The shields were found in the attic of Skelmorlie Castle
Shields created for a 19th Century Scottish jousting tournament which was contested by the future Napoleon III of France have been bought for the nation.
The trophies were commissioned by the 13th Earl of Eglinton for his three-day medieval re-enactment in 1839.
Eight of the original 40 shields, which were found in the attic of Skelmorlie Castle, Ayrshire, were sold at auction to art expert James Knox for £8,000.
He said he hoped to make them the centrepiece of a new exhibition.
About 100,000 people are thought to have attended the Eglinton tournament, which cost £40,000 and was intended as a display of medieval pageantry.
About 150 prospective knights were originally lined up, although only 14 took part.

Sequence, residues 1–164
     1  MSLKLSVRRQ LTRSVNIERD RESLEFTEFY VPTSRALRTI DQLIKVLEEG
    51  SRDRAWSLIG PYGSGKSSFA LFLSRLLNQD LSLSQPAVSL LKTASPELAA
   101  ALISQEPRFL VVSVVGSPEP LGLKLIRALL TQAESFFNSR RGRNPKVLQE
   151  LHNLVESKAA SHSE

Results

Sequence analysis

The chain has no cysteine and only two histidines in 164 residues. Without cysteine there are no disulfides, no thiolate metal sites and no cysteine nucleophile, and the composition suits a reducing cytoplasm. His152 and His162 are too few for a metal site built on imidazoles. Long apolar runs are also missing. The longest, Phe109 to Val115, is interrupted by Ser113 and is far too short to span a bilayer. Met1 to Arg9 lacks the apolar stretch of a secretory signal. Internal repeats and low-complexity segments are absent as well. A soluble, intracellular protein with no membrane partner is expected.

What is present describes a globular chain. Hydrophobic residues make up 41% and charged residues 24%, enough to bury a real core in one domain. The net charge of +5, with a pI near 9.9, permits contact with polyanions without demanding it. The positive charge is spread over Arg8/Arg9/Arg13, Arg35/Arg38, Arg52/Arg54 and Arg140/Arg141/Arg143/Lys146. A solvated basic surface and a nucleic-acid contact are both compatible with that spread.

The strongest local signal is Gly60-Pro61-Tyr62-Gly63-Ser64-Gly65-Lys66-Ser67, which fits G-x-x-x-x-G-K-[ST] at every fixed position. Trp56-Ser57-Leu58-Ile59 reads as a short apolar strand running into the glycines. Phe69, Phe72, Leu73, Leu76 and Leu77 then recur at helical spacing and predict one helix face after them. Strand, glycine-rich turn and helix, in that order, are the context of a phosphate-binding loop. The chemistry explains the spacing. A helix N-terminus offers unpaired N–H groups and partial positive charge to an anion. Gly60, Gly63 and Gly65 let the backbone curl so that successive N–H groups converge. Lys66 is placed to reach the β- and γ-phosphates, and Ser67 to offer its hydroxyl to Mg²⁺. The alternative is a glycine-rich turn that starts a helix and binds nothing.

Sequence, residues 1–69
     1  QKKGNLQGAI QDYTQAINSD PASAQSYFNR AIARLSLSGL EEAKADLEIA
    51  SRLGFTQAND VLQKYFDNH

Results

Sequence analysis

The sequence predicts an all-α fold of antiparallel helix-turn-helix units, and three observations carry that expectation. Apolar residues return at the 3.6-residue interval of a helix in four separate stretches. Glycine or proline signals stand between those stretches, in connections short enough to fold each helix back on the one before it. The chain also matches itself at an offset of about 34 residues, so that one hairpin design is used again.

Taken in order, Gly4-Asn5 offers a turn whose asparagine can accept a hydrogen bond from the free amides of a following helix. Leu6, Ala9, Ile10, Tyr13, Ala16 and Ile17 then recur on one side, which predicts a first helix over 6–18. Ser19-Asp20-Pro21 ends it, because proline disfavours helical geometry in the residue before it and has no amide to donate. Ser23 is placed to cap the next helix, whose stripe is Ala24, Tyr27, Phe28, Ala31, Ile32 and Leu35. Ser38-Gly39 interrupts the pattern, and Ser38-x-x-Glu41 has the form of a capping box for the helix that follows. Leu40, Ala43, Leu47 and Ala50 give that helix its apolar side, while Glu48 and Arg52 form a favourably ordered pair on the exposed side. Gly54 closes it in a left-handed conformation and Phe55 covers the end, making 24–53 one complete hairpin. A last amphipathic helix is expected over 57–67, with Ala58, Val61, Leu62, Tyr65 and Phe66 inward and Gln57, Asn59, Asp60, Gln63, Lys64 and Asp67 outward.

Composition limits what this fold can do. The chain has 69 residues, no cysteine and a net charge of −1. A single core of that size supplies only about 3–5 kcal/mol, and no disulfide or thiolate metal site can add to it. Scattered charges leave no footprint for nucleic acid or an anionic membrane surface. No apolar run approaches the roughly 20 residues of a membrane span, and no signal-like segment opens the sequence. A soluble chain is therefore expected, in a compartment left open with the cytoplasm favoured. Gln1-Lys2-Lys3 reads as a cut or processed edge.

The re-enactment of the jousting competition became a wash-out after heavy rain flooded the nearby Lugton Water, meaning that spectators were forced to walk miles through the mud as their carriages became stuck in the quagmire.
Mr Knox, who is also campaigning to raise funds to buy 20 rare watercolours that recorded the event, said: "I am delighted to have been able to buy the Eglinton shields for Scotland.
"I hope to use the shields as a centrepiece to a blockbuster exhibition about the tournament in Edinburgh and Ayrshire."
The shields, originally valued at between £3,000 and £5,000, were sold by the owner of Skelmorlie Castle in Ayrshire, where they were found during an attic clear-out.